Arrivederci, Roma!

It was our final day here in Rome. We packed our things and checked if there was anything we had left behind. I did leave my spare pair of shoes behind – I didn’t want to leave! That was it – our beautiful hotel room will become someone else’s beautiful retreat a few hours later. I was already jealous of them! There is something personal and impersonal about hotel rooms at the same time – it might feel as home in a place you are coming to love but it might be baffling just thinking about the number of people who had resided here before. Anyway, whoever they would be, I wished them a great time in the magnificent Eternal City! We arranged with the lovely lady at the reception desk who checked us in on our first day to leave our bags that had grown heavy at the luggage room. It caused us a bit of a laugh as this room looked more like a renovated bathroom but we didn’t mind that much as long as our suitcases were safe in here.
We didn’t have a hotel room but we could have Rome till the late afternoon. My sister suggested we picked up on what we hadn’t got to do the day before – see the mysterious St.Teresa in Ecstasy in Santa Maria della Vittoria. Well, I thought that would be something I would have to leave till I probably came again as I might not find my way there but my sister was in the mood to go so we went! It was a short walk from our hotel. It was early so there were few people in the church. I had been really fascinated by the story behind this sculpture by Bernini. It was in the opening scene of the BBC documentary about about him. It depicts a Spanish nun stabbed with God’s arrow and the state she is in is so intense and it really shows in her face. It’s stunningly sensual and to me it reveals another astonishing aspect of religion taking it out of the traditional context. There are so-called “theatre boxes” on either side showing people watching Teresa as she is getting increasingly aroused by this sensation. It is really extraordinary how Bernini seemed to have challenged the way religion is seen as something shying away from anything explicitly sensual. Staying in this back-door church with a great view of this sensual sculpture was wonderful! We had done that!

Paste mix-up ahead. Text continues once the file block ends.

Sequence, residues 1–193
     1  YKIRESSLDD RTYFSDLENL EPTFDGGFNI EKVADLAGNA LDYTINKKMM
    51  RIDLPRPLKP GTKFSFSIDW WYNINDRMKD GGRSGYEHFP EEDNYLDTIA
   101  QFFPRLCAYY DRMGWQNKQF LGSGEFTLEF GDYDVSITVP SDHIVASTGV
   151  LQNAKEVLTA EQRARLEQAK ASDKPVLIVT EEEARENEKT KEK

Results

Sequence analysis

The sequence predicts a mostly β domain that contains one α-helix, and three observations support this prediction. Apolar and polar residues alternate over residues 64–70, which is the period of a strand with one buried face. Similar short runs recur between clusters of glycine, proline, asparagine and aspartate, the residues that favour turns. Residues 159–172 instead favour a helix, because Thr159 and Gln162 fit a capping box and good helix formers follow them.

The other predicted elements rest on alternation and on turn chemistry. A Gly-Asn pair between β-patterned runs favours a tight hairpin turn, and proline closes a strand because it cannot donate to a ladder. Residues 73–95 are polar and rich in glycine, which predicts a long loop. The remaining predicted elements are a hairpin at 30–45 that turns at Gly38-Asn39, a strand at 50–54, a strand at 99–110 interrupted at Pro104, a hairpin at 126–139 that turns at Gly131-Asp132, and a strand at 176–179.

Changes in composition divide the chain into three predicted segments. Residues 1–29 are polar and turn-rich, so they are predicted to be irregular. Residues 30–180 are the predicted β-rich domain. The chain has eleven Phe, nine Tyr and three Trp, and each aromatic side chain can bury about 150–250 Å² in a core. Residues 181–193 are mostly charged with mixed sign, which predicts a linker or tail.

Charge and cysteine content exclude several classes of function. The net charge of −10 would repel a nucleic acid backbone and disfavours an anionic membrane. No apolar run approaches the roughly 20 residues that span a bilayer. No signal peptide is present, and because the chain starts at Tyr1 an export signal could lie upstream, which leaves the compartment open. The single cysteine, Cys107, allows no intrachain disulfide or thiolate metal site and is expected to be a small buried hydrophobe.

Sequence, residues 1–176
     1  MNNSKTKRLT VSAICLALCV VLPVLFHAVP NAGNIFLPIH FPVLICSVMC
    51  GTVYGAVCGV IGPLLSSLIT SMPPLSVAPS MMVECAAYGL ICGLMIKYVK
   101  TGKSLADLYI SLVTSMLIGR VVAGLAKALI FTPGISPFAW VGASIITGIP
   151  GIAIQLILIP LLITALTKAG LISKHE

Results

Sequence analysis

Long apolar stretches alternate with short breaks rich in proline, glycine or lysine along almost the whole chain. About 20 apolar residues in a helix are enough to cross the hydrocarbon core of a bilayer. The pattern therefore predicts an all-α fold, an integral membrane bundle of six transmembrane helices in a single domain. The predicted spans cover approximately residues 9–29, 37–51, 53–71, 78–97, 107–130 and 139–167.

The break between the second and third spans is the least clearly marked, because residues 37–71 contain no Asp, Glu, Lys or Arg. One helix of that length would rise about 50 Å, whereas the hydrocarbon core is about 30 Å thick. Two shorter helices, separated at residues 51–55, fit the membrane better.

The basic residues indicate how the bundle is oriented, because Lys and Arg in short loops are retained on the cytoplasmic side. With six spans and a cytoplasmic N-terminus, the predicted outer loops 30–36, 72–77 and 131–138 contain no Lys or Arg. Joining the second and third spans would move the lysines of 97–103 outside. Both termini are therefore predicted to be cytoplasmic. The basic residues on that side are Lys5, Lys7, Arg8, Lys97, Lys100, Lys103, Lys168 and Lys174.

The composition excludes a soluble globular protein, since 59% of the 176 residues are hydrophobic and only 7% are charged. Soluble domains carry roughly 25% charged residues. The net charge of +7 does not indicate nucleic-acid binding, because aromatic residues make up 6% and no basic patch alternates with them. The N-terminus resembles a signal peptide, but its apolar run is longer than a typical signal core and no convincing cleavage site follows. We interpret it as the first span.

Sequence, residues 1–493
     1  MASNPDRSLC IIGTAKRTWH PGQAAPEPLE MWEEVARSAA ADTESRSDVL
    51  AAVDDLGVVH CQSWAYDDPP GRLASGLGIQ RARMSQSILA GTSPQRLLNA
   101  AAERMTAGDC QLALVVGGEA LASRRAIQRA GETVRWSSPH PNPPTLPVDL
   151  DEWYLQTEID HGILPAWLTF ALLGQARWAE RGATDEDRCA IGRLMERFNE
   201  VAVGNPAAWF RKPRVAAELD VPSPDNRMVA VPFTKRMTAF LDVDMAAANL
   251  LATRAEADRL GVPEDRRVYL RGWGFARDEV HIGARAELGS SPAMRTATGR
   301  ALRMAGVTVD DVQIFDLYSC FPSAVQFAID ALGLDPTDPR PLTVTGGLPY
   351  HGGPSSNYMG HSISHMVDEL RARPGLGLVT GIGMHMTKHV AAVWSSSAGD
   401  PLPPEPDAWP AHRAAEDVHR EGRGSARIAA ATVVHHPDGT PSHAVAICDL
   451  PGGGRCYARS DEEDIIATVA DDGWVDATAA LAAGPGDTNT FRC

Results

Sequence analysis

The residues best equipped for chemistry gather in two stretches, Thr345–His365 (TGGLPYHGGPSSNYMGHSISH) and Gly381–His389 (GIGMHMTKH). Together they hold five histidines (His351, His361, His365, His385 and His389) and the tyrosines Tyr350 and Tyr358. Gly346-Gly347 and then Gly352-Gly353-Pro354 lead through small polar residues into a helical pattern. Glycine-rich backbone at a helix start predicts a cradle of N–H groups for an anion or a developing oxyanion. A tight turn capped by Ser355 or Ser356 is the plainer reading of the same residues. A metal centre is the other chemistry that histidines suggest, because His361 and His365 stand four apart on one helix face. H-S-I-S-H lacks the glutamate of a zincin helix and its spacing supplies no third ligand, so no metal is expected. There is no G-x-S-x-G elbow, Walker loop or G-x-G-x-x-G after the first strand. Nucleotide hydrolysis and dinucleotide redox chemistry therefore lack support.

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We headed along the familiar streets to Piazza della Republica and enjoyed some more of the morning Rome. A part of us was still here and another part knew we would be leaving a few hours later… We checked out a little market and got some things at the staggering 1 Euro! We walked to Piazza del Quirinale and admired some last views of the Dome from up here. Did I really have to leave? It felt more like piecing the memories together now rather than making them…
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We owed a visit to the Pantheon and that was what we did passing by the snow white monument again… Piazza della Rotunda was just as a few days ago – bustling and busy.When you enter this extraordinary ancient building, all you feel an urge to do is to look up. Yes, this dome! Only the Dome that we had previously admired can compare to it! Just look at the light coming through! It was nothing like I’d seen so far! It wasn’t a church, neither did it feel like a public building. There were tombs of some famous Italians – Vittorio Emanuele II, Raphael… I felt the significance of experiencing this most famous ancient building. It made for a perfect last sight to explore…